The European Project – What Future?

logo blog post about the future of the European Union

Introduction

I think the first time I truly reflected on the European Union was in the last year of high school, when our history & geography teacher asked us our opinion about it and how it impacted our everyday life. At the time I didn’t really know what it was and certainly didn’t see how it had anything to do with my life, and I said so. That got me the following comment from my teacher: “in tartiflette we trust” (tartiflette being a typical dish from the Savoy region, in the French Alps, where I was born and raised), which was the slogan the locals used to show their pride at being from the region.

Of course that was her way of highlighting that my perspective was limited to where I lived and that I didn’t see bigger, but isn’t it true for everyone? Until you see something or its consequences for yourself, it doesn’t really exist in your world… And I still believe it was smarter to write down things as they were (i.e. that I didn’t really have an opinion on the EU since I felt like it didn’t do anything for or against me) than listing praises or critics about something I actually didn’t know.

However I gained new perspectives on Europe when I went abroad for studying. First the simple fact that I was able to study in another country without visa or special papers gave me a positive opinion of the European Project and showed me some of its use. And then the contact with non-European students allowed me, via their point of view and experience both in Europe and at home, to understand the opportunities the various European agreements opened up.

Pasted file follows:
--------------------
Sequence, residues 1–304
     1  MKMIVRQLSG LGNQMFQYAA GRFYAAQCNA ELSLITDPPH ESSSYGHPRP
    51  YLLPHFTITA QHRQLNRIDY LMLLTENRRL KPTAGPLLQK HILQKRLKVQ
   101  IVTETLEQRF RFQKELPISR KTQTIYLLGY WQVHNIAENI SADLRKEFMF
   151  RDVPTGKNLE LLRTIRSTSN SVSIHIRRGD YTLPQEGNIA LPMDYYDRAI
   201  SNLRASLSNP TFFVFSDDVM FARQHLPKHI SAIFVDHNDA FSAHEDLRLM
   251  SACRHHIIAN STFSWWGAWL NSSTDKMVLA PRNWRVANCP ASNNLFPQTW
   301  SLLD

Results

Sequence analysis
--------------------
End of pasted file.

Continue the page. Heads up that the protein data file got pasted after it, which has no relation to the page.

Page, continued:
Finally I went to study Public Policy 4 months in South Korea. There I met plenty of government officials and advisors in every possible fields, many of them believing the European Project would never work. I studied international relations and saw what a mess it was and why, I went to the border with North Korea and saw a war zone, understood the underlying tensions between Japan and Korea because of World War II and centuries of conflicts… And I realized how much the European Union had already done for Europe and what it could mean for this region of the globe and for the world.

From there I felt like I should write about it to describe what I had learned and remind everyone of the project’s successes, of its potential (what it could become) and why it was so important. Given the current situation (massive immigration, terrorism, Brexit…) it feels even more important to do so.

I hope the time it took for me to write my thoughts on paper will allow for a richer article, beyond a simple praise of the European Project: I hope it will get people all over the world to reflect on what is truly at stake, to question the origin of their opinion about the project (may it be positive or negative) in order to confirm what they think or change it, to reflect on how we should move forward and of course I hope to get as many people as possible excited about this project (at least as much as I am)!

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